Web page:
Mezzo-Soprano: Christel Borchers
Tenor: Peter Straka
Bass: Matthias Hölle
Choir: Munich Philharmonic Choir
Orchestra: Münchner Philharmoniker
Conductor: Sergiu Celibidache
Date: February 15 & 17, 1995
Venue: Philharmonie im Gasteig, Munich, Germany
Cat No.: 7243 5 57847 2 8
— Mike D. Brownell, AllMusic.com
This performance will be anathema to those who prefer to hear Mozart’s Requiem in so-called ‘authentic’ guise, that is with rapid tempos executed by a smallish choir accompanied by a ‘period’ band. If one were to describe Sergiu Celibidache’s interpretation as ‘romantic’, I do not mean by this that it is lush and self-indulgent; rather, his conception is on a big and expansive scale, with plenty of space for reflection on the portent of the text. This is, after all, a work of commemoration intended for solemn liturgical usage.
EMI has included applause before and after the performance, which will, of course, serve to remind listeners of the recording’s live provenance, but the clapping, fortunately, is separately tracked. The opening ‘Introitus’ is extraordinarily slow, creating a profoundly sombre atmosphere right from the first phrases, with the suspensions in bassoons and basset-horns sounding exceptionally poignant. Celibidache takes nearly eight minutes over this movement. The only remotely comparable performance of which I am aware is Leonard Bernstein’s for DG – also recorded live, in 1988, just over two years before his death – and yet he is about 90 seconds faster here. In terms of overall duration, Bernstein takes about 10 minutes less than Celibidache. Ironically, with a couple of notable exceptions, Celibidache’s reading (recorded just over a year before his own passing) never ‘feels’ laboured. It is reverential and reflective, but not at all lacking in drama at apposite moments.
The choir sings with weight and a full-bodied tone; just occasionally, perhaps taxed by the spacious tempos, the choir’s members are slightly under the note, but their sense of commitment and involvement in the (compiled) performance is both impressive and affecting.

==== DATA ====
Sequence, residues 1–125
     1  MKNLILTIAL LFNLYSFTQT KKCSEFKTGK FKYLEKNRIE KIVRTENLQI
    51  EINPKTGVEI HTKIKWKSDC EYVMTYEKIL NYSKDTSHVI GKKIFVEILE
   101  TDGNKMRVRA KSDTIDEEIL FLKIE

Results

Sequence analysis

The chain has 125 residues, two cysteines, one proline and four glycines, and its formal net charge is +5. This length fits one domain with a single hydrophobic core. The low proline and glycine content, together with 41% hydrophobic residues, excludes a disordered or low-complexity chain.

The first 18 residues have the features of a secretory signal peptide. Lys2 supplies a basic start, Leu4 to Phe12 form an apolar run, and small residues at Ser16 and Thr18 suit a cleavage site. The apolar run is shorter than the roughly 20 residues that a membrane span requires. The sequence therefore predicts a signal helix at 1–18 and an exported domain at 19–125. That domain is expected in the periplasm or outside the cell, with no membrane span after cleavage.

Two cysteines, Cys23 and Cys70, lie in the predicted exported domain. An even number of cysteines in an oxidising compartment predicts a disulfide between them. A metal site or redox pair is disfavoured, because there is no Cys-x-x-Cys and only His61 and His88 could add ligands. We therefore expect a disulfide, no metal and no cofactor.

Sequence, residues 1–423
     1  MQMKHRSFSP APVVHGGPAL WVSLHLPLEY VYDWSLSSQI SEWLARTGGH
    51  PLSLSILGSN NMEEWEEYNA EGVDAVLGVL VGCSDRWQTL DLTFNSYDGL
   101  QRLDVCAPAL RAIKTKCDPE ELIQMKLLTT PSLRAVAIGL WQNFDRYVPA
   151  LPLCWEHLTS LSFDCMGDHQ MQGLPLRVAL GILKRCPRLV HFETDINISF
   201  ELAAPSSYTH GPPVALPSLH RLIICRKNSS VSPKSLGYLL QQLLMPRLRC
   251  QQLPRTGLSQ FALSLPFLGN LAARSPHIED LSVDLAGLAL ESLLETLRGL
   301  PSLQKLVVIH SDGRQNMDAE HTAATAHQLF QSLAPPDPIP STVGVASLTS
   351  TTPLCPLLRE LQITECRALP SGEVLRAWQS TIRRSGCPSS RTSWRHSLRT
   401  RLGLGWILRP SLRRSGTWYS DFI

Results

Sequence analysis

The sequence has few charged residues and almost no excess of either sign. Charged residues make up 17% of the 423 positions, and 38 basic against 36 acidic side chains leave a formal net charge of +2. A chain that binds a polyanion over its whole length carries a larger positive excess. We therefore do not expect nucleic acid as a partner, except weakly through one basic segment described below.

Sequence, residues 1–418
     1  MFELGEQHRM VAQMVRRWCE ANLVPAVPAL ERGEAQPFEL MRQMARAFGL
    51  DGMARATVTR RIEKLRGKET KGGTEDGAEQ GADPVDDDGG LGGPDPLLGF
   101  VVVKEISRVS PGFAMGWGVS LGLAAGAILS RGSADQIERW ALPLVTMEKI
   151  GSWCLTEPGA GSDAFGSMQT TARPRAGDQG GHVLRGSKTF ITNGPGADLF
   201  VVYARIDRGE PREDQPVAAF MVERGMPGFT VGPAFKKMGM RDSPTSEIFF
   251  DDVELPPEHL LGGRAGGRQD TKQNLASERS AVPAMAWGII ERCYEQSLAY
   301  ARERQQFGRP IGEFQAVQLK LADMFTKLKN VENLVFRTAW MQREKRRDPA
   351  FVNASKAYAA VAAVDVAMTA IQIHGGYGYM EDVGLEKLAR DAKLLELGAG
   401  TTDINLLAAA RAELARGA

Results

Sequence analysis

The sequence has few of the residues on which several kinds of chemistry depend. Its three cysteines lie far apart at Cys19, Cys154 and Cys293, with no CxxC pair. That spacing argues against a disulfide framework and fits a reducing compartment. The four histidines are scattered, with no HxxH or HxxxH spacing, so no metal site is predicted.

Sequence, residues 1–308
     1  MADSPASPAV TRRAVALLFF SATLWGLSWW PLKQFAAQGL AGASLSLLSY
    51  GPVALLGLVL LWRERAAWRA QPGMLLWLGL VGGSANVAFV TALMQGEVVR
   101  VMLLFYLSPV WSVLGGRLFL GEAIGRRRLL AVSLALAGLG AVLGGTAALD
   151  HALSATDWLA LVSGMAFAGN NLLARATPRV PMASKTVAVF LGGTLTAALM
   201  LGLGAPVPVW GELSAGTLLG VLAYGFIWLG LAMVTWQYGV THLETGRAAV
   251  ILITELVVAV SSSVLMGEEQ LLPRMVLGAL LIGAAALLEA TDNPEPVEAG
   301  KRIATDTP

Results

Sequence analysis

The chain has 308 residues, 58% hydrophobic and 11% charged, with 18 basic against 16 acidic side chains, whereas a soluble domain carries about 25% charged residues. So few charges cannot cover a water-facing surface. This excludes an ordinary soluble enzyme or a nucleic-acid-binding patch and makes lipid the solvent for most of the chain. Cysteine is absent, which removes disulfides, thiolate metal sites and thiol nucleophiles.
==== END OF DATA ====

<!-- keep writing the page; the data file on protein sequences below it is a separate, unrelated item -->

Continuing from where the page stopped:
The contrapuntal lines in the ‘Kyrie’ and ‘Domine Jesu’, in spite of the choir’s numbers, are unusually clear, undoubtedly aided by a basic pulse which allows notes to register clearly, rather than just moving swiftly on. In the ‘Dies Irae’, there is a powerful response from all forces to the text and its references to Judgement Day – the sense of awe and terror being most vividly projected – and the bright D major of the ‘Sanctus’ blazes forth in a rare moment of triumph and exultation. Incidentally, the choral “Osanna”s here and in the ‘Benedictus’ are notable for their conviction of execution. Celibidache ensures that the comparatively infrequent passages of major-key music in this otherwise largely dark minor-key-tinged score are moments of hope and consolation – the soloists-led ‘Recordare’ and ‘Benedictus’ being movements of solace amidst the general mood of grieving.
The soloists make a very fine team, both individually and as an ensemble. One often encounters performances where the individuals are fine, but that a cohesive blend is lacking or wanting. Here, Celibidache has moulded his singers into what is almost a concertante group, with solo lines prominent as and when needed, but then merging together without voices obtruding or vying for attention. The only passage where one feels a real lack of the momentum, which is implicit in the music, is the ‘Confutatis’, where the strings depict the ‘flames’ of the text with rapid figuration. One might be blunt and suggest that this movement is simply ‘too slow’, though the sotto voce pleas from sopranos and altos, and the ‘oro supplex’ setting, are rapt and prayerful.
Celibidache follows the ‘standard’ Süssmayr edition and like so many of Celibidache’s performances, this reading of Mozart’s Requiem is, literally, incomparable. Bernstein has a similar air of weighty tragedy, whilst Benjamin Britten’s conducting on BBC Legends has a comparable intensity, though he is fleeter-footed and has a greater sense of urgency. It is interesting to note that these three exceptionally interesting performances come from composer/conductors and originate from near the end of their respective lives – perhaps, unwittingly and retrospectively, contributing to the valedictory feeling they share.
For a uniquely considered view of Mozart’s unfinished masterpiece, and a profoundly emotional rendering, I would urge you to give Celibidache a hearing.
— Timothy Ball, ClassicalSource.com [May 31, 2005]